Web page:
Promoting High Impact Entrepreneurship in Mexico: A Randomized Evaluation

Photo: Staff of Artemistas, a producer of leather goods and beneficiary of the INADEM High-Impact Entrepreneurship Program.

Investigator: CDEP Co-Director Eric Verhoogen, David Atkin of MIT, and Leonardo Iacovone and Alejandra Mendoza of the World Bank.

One of the most popular policy ideas for promoting innovation in the developing world is matching grants, through which a firm receives a grant after committing to contribute or raise other funds. The World Bank, for instance, has invested close to $1.2 billion dollars in matching grants for more than sixty projects targeting small and medium enterprises (SMEs).

But still little is known about how effective these programs are and how they might be better designed. One important issue is the process for choosing beneficiaries of the grants: it is better to rely on industry experts, who are well informed about the environment firms are operating in but may have conflicts of interest, or government officials, who have fewer conflicts of interest but also possibly less information about which firms have potential?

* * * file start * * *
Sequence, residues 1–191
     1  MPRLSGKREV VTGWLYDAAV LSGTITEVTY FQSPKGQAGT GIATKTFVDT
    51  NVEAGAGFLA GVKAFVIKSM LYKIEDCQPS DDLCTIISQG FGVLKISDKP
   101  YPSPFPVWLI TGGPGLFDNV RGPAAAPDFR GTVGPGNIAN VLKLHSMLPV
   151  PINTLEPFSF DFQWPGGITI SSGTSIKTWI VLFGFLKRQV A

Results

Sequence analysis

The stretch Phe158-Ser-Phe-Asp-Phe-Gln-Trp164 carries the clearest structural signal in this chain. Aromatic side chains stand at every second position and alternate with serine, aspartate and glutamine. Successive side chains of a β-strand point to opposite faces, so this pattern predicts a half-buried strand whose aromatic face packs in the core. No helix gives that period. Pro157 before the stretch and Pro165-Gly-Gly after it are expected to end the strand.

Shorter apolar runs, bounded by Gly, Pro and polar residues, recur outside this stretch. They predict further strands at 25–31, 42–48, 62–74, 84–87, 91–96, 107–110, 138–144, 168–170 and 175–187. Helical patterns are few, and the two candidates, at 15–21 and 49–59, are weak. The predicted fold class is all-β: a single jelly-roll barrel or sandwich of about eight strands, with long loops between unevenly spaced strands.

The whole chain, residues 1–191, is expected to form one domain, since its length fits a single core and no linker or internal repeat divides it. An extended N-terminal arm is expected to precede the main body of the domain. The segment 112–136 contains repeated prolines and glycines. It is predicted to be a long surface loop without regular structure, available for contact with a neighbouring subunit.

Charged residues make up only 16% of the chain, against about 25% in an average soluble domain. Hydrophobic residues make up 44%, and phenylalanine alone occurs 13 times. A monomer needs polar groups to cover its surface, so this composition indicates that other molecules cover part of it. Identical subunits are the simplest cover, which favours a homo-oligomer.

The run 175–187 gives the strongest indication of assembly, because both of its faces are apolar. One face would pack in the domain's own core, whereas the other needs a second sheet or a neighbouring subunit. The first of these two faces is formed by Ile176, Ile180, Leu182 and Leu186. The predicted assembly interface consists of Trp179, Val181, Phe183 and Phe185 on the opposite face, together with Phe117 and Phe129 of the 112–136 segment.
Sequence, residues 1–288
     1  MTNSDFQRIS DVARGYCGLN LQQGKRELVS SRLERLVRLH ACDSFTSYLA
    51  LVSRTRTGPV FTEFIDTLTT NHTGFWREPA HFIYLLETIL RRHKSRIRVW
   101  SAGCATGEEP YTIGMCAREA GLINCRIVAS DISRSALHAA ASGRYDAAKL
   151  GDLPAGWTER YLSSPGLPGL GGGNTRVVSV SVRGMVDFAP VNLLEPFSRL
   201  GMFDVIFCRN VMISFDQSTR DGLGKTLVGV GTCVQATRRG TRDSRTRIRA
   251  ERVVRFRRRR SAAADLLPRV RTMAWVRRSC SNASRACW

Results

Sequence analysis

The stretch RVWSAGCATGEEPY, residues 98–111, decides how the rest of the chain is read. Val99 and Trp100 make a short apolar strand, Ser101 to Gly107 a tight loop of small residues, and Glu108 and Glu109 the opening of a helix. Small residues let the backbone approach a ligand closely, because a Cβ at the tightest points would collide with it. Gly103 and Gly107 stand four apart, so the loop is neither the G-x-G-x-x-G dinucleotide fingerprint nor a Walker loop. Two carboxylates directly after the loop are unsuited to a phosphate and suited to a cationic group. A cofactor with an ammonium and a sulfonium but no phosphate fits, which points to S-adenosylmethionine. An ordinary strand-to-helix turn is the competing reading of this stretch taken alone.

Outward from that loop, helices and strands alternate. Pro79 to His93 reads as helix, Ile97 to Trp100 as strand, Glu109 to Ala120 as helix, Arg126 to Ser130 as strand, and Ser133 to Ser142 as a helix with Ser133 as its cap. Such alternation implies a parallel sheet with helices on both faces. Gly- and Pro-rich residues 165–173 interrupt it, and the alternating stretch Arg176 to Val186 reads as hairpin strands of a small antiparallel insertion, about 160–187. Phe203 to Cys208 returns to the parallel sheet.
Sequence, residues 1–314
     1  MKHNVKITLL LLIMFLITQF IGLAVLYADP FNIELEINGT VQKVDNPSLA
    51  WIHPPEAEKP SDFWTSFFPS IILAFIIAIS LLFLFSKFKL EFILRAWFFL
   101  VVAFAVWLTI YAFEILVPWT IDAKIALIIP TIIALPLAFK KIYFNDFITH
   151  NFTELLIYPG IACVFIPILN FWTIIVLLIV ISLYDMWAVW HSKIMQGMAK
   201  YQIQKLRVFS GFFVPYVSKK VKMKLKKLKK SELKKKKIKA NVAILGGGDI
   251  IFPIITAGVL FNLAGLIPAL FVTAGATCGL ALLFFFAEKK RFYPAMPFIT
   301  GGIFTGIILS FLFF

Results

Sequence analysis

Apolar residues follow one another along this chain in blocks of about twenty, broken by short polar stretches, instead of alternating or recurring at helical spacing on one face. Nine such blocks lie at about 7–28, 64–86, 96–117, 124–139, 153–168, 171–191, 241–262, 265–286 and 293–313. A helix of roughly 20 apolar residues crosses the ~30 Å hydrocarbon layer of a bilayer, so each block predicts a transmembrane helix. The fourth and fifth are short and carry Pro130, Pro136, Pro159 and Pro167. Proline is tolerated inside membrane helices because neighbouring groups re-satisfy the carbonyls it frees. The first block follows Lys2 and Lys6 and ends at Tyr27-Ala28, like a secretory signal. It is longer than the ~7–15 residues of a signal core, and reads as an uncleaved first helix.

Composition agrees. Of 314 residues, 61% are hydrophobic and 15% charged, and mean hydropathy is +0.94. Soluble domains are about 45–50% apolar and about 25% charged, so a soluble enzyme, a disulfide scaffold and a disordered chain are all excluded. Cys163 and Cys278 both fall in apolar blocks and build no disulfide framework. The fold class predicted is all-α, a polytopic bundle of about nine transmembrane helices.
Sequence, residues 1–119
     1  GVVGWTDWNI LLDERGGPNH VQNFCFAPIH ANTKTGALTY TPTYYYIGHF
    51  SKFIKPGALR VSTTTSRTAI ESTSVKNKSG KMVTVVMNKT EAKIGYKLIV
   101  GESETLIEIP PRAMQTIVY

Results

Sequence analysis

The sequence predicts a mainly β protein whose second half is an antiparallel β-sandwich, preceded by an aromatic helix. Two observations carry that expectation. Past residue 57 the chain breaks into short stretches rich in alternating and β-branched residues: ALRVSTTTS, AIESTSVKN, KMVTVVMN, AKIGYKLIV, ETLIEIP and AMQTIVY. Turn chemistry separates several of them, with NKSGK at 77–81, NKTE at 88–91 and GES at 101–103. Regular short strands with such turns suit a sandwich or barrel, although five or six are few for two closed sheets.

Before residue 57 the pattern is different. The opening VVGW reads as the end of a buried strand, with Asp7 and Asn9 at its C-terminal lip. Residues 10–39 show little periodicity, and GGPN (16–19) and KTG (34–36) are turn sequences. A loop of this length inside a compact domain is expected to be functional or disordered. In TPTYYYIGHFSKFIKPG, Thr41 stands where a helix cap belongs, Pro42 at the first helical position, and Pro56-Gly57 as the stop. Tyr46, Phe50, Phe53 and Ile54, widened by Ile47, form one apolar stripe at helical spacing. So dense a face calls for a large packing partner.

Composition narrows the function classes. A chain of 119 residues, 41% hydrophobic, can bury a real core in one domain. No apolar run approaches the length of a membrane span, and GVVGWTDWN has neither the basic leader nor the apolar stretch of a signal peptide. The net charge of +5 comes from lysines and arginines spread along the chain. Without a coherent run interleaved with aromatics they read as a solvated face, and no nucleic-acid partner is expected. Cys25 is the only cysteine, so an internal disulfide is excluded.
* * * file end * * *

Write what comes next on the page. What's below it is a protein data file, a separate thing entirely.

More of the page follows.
In this project, the investigators are working with the Mexican government to evaluate an existing program that offers matching grants to small and medium enterprises, and also implement a pilot program in which firms are evaluated by industry experts as well as government officials. The program is the High Impact Entrepreneurship Program (HIEP) of the National Institute of the Entrepreneur (INADEM in Spanish). Through an application process, the HIEP identifies and provides matching grants of up to $170,000 in funding for start-up firms and $280,000 for firms looking to scale. In 2016, the program expects to fund 150-200 firms among 1,000 applicants.

Innovation Growth Lab wrote about the project.

This project is part of CDEP's Firms and Innovation Initiative.